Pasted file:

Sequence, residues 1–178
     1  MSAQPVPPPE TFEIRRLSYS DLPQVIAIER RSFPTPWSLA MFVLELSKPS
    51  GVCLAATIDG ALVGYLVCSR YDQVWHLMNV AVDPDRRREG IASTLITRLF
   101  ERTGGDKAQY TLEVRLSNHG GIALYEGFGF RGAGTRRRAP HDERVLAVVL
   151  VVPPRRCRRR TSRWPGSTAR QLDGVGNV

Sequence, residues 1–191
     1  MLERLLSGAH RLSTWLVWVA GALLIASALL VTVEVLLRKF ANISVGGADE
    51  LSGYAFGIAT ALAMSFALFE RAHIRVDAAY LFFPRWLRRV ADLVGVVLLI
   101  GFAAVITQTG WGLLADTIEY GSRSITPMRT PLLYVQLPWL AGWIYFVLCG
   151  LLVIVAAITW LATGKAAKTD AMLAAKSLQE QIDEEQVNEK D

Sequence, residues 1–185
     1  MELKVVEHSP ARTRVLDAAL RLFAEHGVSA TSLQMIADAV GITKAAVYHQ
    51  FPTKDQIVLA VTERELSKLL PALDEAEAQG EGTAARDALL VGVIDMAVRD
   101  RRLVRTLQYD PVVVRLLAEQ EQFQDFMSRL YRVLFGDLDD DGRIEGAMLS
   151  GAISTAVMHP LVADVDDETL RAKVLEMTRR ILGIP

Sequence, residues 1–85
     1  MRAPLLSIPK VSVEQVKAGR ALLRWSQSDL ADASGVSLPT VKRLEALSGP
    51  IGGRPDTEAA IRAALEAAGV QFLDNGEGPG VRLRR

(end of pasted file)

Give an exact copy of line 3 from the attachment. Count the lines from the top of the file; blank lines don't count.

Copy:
    51  GVCLAATIDG ALVGYLVCSR YDQVWHLMNV AVDPDRRREG IASTLITRLF